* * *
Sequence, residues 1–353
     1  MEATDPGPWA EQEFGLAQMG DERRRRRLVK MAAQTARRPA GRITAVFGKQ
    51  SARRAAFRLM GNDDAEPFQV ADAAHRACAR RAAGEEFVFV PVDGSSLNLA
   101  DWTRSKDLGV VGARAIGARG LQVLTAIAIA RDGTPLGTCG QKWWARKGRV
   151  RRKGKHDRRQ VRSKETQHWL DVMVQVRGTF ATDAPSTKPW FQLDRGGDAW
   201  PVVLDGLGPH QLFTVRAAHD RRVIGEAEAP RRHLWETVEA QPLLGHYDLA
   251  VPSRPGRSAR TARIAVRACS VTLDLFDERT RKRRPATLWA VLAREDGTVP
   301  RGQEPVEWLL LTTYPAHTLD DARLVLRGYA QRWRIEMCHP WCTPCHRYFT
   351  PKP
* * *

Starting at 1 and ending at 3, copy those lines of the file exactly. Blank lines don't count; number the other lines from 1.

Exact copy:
Sequence, residues 1–353
     1  MEATDPGPWA EQEFGLAQMG DERRRRRLVK MAAQTARRPA GRITAVFGKQ
    51  SARRAAFRLM GNDDAEPFQV ADAAHRACAR RAAGEEFVFV PVDGSSLNLA